Does that mean that these particular events were caused by climate change? There’s no way of knowing. It could have just been a coincidence, but the extra energy global warming adds to our planet certainly made them more likely. Even without climate change, temperature records get broken all the time.

However, in an unchanging climate, there would be roughly the same amount of record highs as record lows. In a country like the United States, where temperature records are well catalogued and publicly available, it’s easy to see that this isn’t the case. From 2000-2009, there were twice as many record highs as record lows, and so far this year, there have been ten times as many:

The signal of climate change on extreme weather is slowly, but surely, emerging. For those who found this summer uncomfortable, the message from the skies is clear: Get used to it. This is only the beginning.

## Climate Change and Heat Waves

One of the most dangerous effects of climate change is its impact on extreme events. The extra energy that’s present on a warmer world doesn’t distribute itself uniformly – it can come out in large bursts, manifesting itself as heat waves, floods, droughts, hurricanes, and tornadoes, to name a few. Consequently, warming the world by an average of 2 degrees is a lot more complicated than adding 2 to every weather station reading around the world.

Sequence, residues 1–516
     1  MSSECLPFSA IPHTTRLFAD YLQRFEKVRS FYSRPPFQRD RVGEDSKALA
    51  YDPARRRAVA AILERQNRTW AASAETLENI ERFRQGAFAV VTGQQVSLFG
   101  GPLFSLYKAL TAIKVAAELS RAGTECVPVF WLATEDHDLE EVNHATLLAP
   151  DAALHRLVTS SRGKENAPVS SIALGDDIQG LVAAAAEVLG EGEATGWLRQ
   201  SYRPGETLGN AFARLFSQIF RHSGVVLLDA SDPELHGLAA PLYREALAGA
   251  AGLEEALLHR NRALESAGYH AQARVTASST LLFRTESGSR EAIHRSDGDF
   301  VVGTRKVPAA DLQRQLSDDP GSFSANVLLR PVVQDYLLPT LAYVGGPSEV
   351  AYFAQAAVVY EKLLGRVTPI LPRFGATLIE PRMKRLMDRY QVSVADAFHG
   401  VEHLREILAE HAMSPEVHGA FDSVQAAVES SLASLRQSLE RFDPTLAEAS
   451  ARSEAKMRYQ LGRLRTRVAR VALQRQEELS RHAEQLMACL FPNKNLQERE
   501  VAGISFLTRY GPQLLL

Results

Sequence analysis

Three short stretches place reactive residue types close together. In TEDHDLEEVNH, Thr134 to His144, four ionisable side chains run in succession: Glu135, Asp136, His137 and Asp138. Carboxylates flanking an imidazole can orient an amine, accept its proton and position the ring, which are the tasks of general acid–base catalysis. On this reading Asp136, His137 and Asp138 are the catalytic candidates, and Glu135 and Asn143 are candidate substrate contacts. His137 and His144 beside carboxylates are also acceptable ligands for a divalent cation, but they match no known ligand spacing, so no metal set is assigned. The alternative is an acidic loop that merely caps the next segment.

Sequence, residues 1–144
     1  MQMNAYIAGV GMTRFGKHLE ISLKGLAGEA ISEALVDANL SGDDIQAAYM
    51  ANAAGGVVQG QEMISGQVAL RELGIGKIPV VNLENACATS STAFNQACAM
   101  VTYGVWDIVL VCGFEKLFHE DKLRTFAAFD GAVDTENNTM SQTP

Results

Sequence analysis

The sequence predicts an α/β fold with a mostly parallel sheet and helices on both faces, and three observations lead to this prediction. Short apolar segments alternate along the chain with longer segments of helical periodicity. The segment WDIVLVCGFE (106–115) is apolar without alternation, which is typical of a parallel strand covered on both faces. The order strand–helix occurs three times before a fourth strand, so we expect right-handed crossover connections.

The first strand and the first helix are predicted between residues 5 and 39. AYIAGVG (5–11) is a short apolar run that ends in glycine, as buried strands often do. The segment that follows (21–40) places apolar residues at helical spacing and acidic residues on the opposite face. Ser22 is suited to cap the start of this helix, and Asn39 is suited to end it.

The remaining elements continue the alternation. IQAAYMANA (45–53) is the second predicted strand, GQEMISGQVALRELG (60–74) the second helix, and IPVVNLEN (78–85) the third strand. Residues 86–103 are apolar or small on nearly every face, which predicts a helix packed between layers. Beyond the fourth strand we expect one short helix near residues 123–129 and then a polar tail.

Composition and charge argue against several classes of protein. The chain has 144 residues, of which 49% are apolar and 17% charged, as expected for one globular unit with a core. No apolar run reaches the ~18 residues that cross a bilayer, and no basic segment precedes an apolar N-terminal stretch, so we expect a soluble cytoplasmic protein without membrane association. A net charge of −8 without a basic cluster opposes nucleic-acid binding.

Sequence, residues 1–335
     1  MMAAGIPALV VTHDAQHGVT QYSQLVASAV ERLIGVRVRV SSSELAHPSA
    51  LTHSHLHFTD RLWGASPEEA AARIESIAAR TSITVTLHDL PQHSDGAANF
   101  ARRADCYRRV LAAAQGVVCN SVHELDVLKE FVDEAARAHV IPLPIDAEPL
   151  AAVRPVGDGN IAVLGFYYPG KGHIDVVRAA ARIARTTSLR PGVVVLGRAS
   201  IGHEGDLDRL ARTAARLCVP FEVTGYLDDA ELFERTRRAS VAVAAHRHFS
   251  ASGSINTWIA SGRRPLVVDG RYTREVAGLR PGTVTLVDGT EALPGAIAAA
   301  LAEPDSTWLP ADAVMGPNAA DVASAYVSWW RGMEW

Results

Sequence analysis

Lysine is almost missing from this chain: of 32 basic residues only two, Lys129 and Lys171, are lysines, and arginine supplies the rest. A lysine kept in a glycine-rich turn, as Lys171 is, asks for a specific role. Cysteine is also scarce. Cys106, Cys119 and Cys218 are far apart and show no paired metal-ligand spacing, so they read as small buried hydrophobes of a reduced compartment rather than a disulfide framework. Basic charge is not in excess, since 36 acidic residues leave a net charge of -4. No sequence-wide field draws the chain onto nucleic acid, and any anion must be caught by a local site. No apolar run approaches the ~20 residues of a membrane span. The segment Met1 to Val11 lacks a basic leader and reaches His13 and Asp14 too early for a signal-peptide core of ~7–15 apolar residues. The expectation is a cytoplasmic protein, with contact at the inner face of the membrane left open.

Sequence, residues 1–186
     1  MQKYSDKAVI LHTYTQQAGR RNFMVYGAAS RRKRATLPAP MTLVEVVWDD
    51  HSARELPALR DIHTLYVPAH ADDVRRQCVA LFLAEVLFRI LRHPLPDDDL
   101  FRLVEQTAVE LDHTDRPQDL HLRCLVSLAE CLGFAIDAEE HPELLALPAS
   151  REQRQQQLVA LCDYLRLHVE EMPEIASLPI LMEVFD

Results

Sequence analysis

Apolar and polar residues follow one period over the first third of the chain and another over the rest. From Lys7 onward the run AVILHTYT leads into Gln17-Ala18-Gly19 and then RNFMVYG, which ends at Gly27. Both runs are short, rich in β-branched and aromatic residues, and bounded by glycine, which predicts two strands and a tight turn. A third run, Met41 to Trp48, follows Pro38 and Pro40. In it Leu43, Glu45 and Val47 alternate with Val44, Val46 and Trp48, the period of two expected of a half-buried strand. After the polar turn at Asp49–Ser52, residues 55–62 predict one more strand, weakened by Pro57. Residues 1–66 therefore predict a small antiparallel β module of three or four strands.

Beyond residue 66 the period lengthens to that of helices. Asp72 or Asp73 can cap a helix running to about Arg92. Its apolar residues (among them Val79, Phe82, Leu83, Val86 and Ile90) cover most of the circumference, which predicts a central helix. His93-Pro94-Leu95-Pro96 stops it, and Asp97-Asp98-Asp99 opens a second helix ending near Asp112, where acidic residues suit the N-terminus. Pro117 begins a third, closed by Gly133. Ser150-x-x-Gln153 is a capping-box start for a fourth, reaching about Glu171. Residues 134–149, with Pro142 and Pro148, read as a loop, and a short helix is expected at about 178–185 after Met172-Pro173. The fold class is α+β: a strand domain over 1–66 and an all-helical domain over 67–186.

Scientists have a difficult time studying the impacts of climate change on extreme events, because all these events could happen anyway – how can you tell if Hurricane Something is a direct result of warming, or just a fluke? Indeed, for events involving precipitation, like hurricanes or droughts, it’s not possible to answer this question. However, research is advancing to the point where we can begin to attribute individual heat waves to climate change with fairly high levels of confidence. For example, the recent extended heat wave in Texas, which was particularly devastating for farmers, probably wouldn’t have happened if it weren’t for global warming.